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While comparisons of national income between countries are commonplace, estimating the wealth of countries is a far more difficult task. Last week, Credit Suisse took a stab at the job, bringing out a report on global wealth.

The most obvious fact about the world’s wealth, of course, is that the developed economies have much more of it. How much more? The US, with 5.2% share of the world’s adult population, has grabbed 28% of the world’s assets, according to Credit Suisse estimates. Europe, with 13% of the adult population, owns even more—31.8% of global wealth.

Also Read Manas Chakravarty’s earlier columns

But wealth per adult is not the highest in the North American countries. For the US, Credit Suisse estimates it to be $236,213 for this year. That’s much lower than Switzerland’s wealth per adult of $372,692, or Norway’s $326,530. Even Australia ($320,909) and France ($255,156) have more wealth per adult than the US.

India, of course, is somewhere at the bottom of this rich list. Credit Suisse estimates that, in 2010, we have 16.19% of the world’s adult population but only 1.82% of the world’s wealth. Our wealth per adult works out to $4,910. China, with its 21.65% of the world’s adults owning 8.5% of the world’s wealth, is far richer. Its wealth per adult is $17,126. We can console ourselves by noting that we’re the richest nation in the subcontinent and by pointing out that we’re actually much richer in purchasing power, since a dollar in India would buy you about three times the goods and services that could be bought in the US.

Also See India’s Shameful Record (PDF)

Because we have so many people, India’s wealth in absolute numbers is a not-to-be-sneezed-at $3.5 trillion. By way of comparison, Brazil’s is $3.3 trillion and Spain’s is $3.7 trillion. China is a far larger market, with its wealth estimated at $16.5 trillion, higher than that of France, Germany or the UK.

The fact that gross domestic product (GDP) growth in India is much higher than the world average means, however, that we can now boast that our share of world wealth is increasing. Credit Suisse has estimated the data from the year 2000 onwards. In 2000, India’s wealth was $1.2 trillion, so wealth has grown by 192% over the last 10 years. In 2000, we had 1.03% of world wealth; in 2010 we have 1.82%.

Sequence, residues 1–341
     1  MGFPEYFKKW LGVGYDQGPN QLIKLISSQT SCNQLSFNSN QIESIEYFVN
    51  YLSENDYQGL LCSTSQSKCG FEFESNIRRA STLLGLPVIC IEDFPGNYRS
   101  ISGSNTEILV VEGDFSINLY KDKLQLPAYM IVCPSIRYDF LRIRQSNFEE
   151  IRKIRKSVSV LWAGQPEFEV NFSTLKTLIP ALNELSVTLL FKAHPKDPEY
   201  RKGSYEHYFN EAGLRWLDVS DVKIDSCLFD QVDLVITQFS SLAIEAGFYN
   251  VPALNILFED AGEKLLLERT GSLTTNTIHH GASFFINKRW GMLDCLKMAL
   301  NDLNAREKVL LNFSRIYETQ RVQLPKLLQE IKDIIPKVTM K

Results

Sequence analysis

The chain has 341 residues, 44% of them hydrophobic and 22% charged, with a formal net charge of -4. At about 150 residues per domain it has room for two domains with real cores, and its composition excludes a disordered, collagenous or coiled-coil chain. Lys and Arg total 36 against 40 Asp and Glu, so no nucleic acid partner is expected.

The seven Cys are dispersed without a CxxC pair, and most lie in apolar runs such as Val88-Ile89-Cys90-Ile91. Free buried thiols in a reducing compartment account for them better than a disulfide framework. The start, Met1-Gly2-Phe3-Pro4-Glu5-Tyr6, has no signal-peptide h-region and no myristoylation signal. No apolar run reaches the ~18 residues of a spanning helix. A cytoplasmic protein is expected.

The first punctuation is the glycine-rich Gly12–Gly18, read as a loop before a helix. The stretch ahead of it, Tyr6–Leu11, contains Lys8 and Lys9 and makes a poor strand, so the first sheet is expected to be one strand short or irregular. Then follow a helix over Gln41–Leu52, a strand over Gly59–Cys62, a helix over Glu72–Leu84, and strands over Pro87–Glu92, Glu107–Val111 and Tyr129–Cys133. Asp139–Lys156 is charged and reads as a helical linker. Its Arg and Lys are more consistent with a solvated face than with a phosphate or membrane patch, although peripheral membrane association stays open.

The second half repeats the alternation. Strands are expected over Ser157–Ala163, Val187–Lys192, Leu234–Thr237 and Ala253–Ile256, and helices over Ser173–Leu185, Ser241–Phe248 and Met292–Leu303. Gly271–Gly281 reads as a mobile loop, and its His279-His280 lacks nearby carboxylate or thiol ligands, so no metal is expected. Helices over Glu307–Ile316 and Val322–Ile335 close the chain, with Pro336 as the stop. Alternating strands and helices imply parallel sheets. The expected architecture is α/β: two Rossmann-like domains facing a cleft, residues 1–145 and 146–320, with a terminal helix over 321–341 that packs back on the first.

But these aggregates carry little meaning—everything depends on how this wealth is distributed. The wealthiest 1% of the global population own 43% of global assets. The richest 10% of the world own 83% of global assets. This huge inequality reflects the stark differences in wealth between the handful of rich developed nations and the vast struggling masses of the developing world. We can probably feel a bit better by attributing the difference to imperialist exploitation.

But is the distribution of wealth any better within India? According to the Credit Suisse numbers, the top 1% of the population own 15.9% of India’s wealth, the top 5% own 38.3% and the top 10% have 52.9%, more than half the country’s wealth. In contrast, the bottom 20% own 1% of the country’s assets and the bottom 10% own just 0.2%. 0.4% of the population own assets with a value exceeding $100,000. The data are for 2002-03. China is a bit more egalitarian, with the top 10% owning 41.4% of the country’s wealth—inherited wealth is very low there, but they seem to be hell bent on correcting that unfortunate state of affairs. In the US, the top 10% own 71.5%.

To understand the impact this distribution of wealth has on families at the bottom of the pyramid, we turn to the Global Hunger Index computed by the International Food Policy Research Institute. According to the latest index, 22% of the Indian population is undernourished, while the proportion of underweight children in the age group below five years is an eye-popping 43.5%. What is worse is that between 1990-92 and 2004-06, the percentage of the undernourished has come down by a mere 2 percentage points, from 24% to 22%. And this has happened over a period in which economic growth has been far higher than earlier. What’s more, it has happened in a democracy.

Forget China, which has done much better over the period. Look at Bangladesh, whose proportion of undernourished has fallen from 36% to 26% over the same period. Or consider dirt poor Nepal, which has managed to reduce undernourishment from 21% to 16%. Or Sri Lanka, which reduced it from 27% to 21% over the period, in spite of being plagued with a civil war. None of these countries had the kind of economic growth we’ve had, none of them have had glowing tributes paid to them as an emerging engine of growth for the world economy. Yet they’ve done more to care for their people than we have.

There can be no two ways about this: The numbers are obscene and reflect both the callousness of our society and the powerlessness of the poor. They are a shameful indictment of our economic and political system.

Manas Chakravarty looks at trends and issues in the financial markets. Comment at

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